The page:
Physical isolation during the pandemic, Head says, seems to be one of the underlying causes of psychological distress in teens.

Both suicide and threats, whether made to attract attention or with actual intent to act, are often impulsive decisions. The teenage brain, Rae notes, is not fully developed, and “one bad day” can spark an undoable action.

Says Head, “The adolescent brain, the prefrontal cortex, does not fully develop until sometime between 21 and 25. (At that age) we really learn to identify true risk versus benefit. And so your child will think differently at 25 than they do now.”

Parents need to actively check in with their children and recognize possible signs of mental distress, such as irritability, altered mood and behaviors, slipping grades or even giving away their personal effects.

“The key is looking for a change from from a pattern. And then instead of just brushing it off, asking yourself, ‘Well, what else could be going on there?'” Rae says. “Most kids out there that are suffering, they do want help. They act out and put out signs, like ‘leave me alone,’ but they actually do want help from their parents and the adults around them.”

Being bullied could increase the chance of suicidal tendencies, or the issuance of threats or acts of violence, and Head says bullying needs to be taken more seriously, especially by schools.

“Every day we work with individuals who identify themselves as being bullied. Despite the fact that there are laws in the state protecting students from that, we still often hear the same thing: that schools are telling the students to just ignore them, to just walk away, don’t stand around and don’t be around them. And that’s not enough,” Head says. “The schools are mandated to proactively protect the children, and now considering how many guns are on the streets and how much chaos is going on across our country because of societal influence — I think that’s a real risk. These kids should not be told to just ignore this. They should not be ignored.”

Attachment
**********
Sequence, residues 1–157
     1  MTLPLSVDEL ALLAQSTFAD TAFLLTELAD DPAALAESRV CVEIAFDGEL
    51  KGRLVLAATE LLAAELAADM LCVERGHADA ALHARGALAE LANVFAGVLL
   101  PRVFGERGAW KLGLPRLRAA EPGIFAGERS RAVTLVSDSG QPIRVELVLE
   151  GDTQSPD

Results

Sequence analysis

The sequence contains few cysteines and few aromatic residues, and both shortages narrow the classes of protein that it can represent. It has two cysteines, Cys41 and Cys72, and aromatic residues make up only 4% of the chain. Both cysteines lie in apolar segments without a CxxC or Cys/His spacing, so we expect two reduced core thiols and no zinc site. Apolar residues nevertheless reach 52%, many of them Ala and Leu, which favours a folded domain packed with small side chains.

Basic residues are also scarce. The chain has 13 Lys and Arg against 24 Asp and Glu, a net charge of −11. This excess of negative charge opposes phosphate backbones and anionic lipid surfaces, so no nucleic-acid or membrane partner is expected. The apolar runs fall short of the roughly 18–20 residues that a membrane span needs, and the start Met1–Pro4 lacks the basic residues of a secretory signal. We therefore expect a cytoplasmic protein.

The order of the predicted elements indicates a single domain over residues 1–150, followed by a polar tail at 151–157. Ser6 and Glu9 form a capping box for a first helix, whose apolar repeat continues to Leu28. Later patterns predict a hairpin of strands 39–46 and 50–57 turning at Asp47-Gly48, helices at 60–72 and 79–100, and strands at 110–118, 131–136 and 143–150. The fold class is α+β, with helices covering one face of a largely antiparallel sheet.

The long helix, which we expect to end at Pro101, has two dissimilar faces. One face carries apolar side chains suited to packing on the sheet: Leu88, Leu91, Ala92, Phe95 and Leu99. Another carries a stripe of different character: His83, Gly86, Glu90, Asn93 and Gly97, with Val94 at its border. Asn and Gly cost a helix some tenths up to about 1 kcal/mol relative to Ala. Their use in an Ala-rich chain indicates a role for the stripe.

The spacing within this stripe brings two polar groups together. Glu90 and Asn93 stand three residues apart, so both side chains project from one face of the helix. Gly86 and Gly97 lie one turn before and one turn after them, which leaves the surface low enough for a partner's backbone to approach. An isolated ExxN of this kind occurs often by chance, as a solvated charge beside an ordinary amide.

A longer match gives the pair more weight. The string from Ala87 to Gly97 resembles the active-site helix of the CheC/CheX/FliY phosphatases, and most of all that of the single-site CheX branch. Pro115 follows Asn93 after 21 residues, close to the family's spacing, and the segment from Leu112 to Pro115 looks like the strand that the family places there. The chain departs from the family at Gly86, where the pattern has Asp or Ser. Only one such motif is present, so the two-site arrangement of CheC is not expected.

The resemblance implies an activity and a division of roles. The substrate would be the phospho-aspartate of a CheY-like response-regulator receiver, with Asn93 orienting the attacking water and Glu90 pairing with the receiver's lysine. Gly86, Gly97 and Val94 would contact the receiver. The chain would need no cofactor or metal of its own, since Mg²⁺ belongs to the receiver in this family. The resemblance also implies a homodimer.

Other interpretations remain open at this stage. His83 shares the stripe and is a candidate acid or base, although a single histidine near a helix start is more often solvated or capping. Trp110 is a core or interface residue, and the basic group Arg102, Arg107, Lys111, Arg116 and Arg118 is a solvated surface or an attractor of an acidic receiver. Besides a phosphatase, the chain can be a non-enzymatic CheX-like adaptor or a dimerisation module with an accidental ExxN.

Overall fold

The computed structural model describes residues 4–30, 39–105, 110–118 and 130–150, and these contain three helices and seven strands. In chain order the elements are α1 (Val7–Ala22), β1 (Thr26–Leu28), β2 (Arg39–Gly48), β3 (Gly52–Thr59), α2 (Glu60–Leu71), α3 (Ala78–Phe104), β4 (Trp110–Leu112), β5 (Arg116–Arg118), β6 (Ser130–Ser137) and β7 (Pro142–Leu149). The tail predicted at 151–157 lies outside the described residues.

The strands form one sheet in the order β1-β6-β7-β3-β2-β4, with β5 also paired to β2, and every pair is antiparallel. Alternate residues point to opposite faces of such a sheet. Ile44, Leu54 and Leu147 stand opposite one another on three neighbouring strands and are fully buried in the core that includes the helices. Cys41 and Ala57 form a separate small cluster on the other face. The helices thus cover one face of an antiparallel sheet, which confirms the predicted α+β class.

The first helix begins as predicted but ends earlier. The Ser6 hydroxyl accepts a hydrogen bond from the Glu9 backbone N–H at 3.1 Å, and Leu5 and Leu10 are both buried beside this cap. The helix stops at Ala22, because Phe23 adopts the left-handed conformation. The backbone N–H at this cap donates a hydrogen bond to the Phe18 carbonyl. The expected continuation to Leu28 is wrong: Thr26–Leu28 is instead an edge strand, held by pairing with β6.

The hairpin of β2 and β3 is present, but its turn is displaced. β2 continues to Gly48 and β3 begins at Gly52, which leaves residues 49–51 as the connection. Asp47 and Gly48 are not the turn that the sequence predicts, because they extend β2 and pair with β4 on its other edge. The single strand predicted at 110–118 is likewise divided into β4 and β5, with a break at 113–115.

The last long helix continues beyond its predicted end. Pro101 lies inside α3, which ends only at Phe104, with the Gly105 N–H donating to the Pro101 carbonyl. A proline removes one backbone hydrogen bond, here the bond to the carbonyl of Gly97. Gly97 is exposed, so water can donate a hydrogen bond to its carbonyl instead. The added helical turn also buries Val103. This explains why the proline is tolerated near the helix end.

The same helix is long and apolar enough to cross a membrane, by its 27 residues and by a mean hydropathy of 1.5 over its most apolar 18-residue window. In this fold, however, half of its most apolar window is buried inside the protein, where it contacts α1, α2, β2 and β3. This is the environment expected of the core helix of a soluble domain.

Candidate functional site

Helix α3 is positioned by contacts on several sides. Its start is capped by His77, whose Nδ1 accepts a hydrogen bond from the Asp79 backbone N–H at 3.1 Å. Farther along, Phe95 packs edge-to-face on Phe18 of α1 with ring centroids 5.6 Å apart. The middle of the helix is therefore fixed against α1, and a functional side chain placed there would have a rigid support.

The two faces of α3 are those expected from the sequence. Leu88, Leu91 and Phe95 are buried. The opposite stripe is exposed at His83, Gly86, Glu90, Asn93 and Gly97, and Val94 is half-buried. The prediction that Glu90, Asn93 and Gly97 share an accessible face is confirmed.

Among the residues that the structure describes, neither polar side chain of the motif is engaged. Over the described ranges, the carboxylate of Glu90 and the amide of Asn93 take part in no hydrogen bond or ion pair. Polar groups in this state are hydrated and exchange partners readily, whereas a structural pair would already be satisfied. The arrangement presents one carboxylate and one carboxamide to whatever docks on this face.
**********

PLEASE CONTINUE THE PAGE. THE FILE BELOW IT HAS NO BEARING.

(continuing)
Looking at the recent sequence of threats in school threats in the area as a trend could “be dangerous,” Head says. Dismissing any threat could be detrimental, and Rae says if any sort of threat is made, whether written, verbal or in other form, parents should have their child assessed by a primary care or mental health provider.

A recent nationwide viral TikTok challenge to threaten school violence on Dec. 17 didn’t materialize into any actual shootings, but led to several arrests. Schools in the Coulee Region did not close, but some issued messages to families and stated there would be enhanced police presence on school grounds. If a threat is traced back to an individual, consequences can range from expulsion to criminal charges. A 17-year-old Central High School student is currently facing charges following an emailed threat.

Mental health conditions could factor into the making of threats or carrying out of violence, and Rae cautions not all are diagnosed or obvious. People may assume “‘This person is mentally healthy. They’re no risk at all,’ just because we don’t know lot of the times what people are dealing with.”

Head urges parents to talk to their children about the seriousness of threats and the dangers of guns. At Gundersen’s inpatient psychiatric unit, it is a daily discussion with families.

“Most of us go through life just assuming those things won’t happen. And unfortunately, what we are asking people to do is to change that and assume the worst. Assume that you may not always know what’s going on with your child because that could be a fact. Assume that their friends and media are very influential because that’s a fact. And so it is better to take every precaution and and not need it, then not to take precautions and regret it later,” Head says.

“We tend to think if we bury our heads in the sand, the best will happen or it won’t happen to us. Be proactive. It won’t increase the risk. We know that a responsible conversation with your children about gun safety will decrease the risk of an unintentional shooting.”